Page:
The heating sector in Germany is to be decarbonised during the coming decades and is thus facing major changes: There is no longer any perspective for natural gas and heating oil, which are still the dominant energy sources today, in a climate-neutral heat supply. This increases the demand for renewable heat and the pressure on land use, e. g. for heat from biomass or solar thermal energy. This study examines the potential impacts of the “heat transition” on land use and how negative impacts on nature conservation can be avoided.
The energy transition can only succeed if all sectors are included in the transformation process. This includes the heating sector in particular, as it accounts for more than half of the final energy demand in Germany. While the electricity sector is currently the focus of the energy transition, the heating and cooling transitions in Germany have so far fallen short of expectations. The share of renewable energies in final energy consumption for heating and cooling has stagnated at less than 15 % for years. The heat transition can only succeed with a significant increase in this share. In order to prevent or minimise conflicts, the concerns of nature conservation and landscape have to be integrated into the eventual target system and the related instruments of the heat transition from the outset.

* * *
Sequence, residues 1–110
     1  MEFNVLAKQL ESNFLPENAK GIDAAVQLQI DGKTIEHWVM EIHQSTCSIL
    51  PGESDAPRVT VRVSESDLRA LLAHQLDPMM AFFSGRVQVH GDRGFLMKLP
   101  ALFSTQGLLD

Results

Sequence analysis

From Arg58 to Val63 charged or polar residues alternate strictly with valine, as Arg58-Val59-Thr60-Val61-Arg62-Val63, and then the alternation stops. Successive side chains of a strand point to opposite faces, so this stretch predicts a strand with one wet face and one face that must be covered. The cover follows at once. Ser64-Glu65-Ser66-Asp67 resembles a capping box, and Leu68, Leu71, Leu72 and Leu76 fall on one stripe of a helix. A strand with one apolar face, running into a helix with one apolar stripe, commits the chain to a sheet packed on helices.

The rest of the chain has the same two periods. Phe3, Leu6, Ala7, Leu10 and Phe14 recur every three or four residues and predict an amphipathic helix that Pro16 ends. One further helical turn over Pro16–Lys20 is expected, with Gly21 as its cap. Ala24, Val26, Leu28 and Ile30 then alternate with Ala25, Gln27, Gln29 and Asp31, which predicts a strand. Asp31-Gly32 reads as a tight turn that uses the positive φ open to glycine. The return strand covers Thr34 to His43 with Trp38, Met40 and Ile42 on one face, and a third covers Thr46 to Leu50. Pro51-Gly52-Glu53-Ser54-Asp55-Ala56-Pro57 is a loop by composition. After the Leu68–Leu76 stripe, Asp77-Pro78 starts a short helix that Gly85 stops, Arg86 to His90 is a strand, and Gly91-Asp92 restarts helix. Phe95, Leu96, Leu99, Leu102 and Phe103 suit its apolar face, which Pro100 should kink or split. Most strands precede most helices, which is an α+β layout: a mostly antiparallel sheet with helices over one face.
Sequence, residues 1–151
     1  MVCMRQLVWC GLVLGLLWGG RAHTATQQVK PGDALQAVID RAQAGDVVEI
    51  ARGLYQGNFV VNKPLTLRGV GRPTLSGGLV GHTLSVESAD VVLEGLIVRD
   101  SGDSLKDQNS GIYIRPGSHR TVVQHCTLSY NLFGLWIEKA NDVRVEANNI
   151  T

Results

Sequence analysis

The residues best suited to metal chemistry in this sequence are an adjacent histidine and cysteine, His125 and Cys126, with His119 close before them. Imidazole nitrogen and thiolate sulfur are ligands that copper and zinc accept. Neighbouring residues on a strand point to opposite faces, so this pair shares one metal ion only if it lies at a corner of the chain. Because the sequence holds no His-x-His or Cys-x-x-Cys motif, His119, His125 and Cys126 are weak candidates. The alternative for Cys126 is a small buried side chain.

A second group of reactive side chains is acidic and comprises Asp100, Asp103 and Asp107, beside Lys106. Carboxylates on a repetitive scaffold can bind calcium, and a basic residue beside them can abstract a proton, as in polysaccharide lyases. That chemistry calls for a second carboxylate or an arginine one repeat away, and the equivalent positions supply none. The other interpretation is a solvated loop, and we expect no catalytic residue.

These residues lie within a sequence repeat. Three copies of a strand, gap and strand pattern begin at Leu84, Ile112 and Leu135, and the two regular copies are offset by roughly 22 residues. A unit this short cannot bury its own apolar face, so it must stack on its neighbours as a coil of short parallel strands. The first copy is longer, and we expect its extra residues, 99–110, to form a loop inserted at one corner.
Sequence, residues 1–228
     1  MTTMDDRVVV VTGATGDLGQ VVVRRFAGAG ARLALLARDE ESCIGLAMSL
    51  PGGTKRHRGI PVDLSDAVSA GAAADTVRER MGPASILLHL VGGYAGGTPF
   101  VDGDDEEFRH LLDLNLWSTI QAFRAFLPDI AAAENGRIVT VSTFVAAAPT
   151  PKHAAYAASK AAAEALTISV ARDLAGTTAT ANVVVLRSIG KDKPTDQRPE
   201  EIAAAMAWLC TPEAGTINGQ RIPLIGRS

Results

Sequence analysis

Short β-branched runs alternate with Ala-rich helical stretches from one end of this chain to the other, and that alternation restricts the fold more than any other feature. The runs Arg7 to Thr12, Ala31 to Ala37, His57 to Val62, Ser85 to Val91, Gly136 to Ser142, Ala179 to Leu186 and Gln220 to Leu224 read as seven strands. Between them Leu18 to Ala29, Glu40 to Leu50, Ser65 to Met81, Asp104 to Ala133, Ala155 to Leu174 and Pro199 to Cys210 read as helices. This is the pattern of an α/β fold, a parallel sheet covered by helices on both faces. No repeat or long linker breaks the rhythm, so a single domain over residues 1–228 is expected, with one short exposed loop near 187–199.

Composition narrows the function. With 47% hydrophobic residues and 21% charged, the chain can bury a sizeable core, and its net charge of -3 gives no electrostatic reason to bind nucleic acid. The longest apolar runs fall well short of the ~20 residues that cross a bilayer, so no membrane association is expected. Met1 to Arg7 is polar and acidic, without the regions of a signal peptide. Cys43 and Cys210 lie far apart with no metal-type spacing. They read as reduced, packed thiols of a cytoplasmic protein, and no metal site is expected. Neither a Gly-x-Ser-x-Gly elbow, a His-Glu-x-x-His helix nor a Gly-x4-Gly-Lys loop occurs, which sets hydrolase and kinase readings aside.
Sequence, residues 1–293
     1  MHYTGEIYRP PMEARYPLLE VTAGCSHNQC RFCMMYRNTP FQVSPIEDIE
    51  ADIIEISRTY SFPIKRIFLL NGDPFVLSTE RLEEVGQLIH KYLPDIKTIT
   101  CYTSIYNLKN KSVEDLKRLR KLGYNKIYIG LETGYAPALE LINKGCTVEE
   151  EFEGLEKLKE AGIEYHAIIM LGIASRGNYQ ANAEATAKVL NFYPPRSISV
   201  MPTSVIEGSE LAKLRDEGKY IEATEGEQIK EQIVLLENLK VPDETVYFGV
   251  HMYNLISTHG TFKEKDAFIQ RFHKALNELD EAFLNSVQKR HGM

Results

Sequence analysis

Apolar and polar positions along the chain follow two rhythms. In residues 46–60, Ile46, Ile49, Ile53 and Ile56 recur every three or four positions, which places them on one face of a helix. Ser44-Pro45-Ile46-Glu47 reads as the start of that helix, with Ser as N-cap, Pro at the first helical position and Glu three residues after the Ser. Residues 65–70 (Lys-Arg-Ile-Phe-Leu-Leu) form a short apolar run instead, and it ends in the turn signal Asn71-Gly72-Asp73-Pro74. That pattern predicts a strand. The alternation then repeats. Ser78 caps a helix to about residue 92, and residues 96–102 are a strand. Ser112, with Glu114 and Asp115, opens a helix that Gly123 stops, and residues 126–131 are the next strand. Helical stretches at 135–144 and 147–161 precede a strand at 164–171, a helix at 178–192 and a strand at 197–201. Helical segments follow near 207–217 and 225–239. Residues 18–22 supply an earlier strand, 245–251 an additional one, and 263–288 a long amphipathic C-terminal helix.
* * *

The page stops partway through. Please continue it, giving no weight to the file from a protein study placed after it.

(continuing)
The aim of the project is to create an orientation framework and a knowledge base for integrating nature conservation concerns into the development of future heating and cooling supply sector. A central element here is the reduction and management of the land requirements that go hand in hand with the demand for renewable heat supply.
HIC Hamburg Institut Consulting GmbH
Paul-Nevermann-Platz 5, D-22765 Hamburg
Bodensee-Stiftung / Lake Constance Foundation
Fritz-Reichle-Ring 4, D-78315 Radolfzell
Dipl. Forester Dimitri Vedel
Federal Agency for Nature Conservation (BfN)